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New series no. 4 June-July 1998
The literature of Bosnia-Herzegovina is global literature
by Vesna Ruzicka

'While flying at over 10,000 metres on our way to London, which has more inhabitants than Bosnia-Herzegovina and Croatia together, my thoughts turned to Bosnia and I voiced a thought that came into my mind: ''The literature of Bosnia-Herzegovina is wider in scope than the country itself.'' These words were spoken by Miljenko Jergovic, one member of a group of well known writers from B-H - along with Hadzem Hajdarovic, Alma Lazarevska, Ivan Lovrenovic and Goran Samardzic - who visited London in June 1998, in order to present for the first time in the British capital what is by any reckoning one of the richest domains of their country's contemporary culture. The visit was organized by The Bosnian Institute (previously Alliance to Defend Bosnia-Herzegovina).

The visit began with a brief gathering with students at the School of Slavonic and East European studies in the University of London, chaired by head of department Celia Hawkesworth. This was followed next day by the main event: a whole-day seminar on B-H literature at the University of Westminster, in the morning of which the writers read from their works, while during the afternoon an interesting, indeed at times inspiring, debate took place on the themes of war, peace, identity, tradition and community.

Nenad Popovic, editor of the publishing house 'Durieux' in Zagreb, which has excelled at encouraging, publishing and promoting authors from B-H, opened the debate with the statement that 'The literature and culture of Bosnia- Herzegovina are political issues'. Popovic said that to describe Bosnia as a provincial cultural setting is to fail to understand its global actuality.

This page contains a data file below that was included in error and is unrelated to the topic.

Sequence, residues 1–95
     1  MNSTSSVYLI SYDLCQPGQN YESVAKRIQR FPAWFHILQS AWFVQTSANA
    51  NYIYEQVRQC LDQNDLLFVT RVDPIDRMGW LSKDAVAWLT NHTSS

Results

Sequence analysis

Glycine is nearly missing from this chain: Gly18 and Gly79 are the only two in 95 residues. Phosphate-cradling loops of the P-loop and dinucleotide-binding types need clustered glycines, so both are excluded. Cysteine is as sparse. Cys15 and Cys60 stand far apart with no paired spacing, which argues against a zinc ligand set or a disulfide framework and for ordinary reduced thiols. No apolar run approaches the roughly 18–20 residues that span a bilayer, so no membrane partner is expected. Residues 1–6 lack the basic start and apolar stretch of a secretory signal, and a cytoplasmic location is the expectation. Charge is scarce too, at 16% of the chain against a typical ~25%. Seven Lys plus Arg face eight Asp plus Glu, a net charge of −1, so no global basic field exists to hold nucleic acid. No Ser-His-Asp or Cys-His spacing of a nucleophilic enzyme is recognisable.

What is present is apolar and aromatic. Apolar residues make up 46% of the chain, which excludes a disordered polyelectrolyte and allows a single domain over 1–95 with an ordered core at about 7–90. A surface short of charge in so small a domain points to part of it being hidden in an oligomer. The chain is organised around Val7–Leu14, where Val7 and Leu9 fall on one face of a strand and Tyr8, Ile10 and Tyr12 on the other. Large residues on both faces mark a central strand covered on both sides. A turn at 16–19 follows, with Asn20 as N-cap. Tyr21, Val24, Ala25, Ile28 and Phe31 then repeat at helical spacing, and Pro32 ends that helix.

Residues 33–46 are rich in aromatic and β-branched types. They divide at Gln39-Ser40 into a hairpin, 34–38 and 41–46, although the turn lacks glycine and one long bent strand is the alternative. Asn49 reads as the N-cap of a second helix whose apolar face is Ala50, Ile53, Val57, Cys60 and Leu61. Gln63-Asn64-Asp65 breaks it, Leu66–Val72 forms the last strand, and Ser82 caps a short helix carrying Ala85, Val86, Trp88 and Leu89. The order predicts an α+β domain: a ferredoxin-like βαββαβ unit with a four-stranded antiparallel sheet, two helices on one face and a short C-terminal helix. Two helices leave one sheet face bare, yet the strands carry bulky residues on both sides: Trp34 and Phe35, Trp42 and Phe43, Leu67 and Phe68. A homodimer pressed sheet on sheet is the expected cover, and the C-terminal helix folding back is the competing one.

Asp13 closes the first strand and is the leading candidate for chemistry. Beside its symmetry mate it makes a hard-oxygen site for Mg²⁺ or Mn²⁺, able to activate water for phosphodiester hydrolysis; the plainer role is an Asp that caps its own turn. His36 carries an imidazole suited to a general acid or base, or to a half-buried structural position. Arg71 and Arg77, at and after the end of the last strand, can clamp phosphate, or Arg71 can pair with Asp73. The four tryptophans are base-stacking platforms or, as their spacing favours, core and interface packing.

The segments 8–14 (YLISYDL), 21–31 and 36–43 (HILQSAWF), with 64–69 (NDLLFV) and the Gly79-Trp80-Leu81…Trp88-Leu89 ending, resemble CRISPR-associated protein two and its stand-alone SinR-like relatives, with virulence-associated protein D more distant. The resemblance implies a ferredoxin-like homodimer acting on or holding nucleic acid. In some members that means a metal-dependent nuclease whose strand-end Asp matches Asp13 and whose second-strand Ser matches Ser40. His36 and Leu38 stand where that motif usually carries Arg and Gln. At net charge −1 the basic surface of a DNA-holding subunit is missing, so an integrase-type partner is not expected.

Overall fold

Ivan Lovrenovic, not merely a prominent author but also editor of the Sarajevo publishing house 'Bosanska knjiga', followed this by stressing that: 'Bosnia-Herzegovina, as the land of a specific space, is the heir to multi-layered cultural and traditional substrata, from ancient cave inscriptions to the present day.' In the 30,000-year-old historical context, the present day is but a historical minute of time. The contemporary political (ethnic) concept is unable to accept - let alone provide a productive solution for - this complexity, he added. Lovrenovic concluded by saying that questions which are being dramatically posed in B-H today in regard to identity, nationality and ethnicity are far less important than the wisdom of the global inheritance of all that composes the wealth of Bosnia-Herzegovina on the way to its modern articulation, which would be capable of acknowledging as its own all that has been deposited during the 30 millennia of its cultural and spiritual formation.

'There are two basic preconditions for reconciliation in Bosnia-Herzegovina today', said Hadzem Hajdarevic: 'that the war be called by its proper name, i.e. a proper diagnosis be made, and that what belongs to Bosnia-Herzegovina be secured.' 'Unfortunately', he added, 'Bosnia is in the uncomfortable position that it is forced constantly to explain itself - its language, its past and its future.' He ended by stressing the need to build bridges between B-H and the outside world, 'so that we can be rid of barriers and the need for explanation'.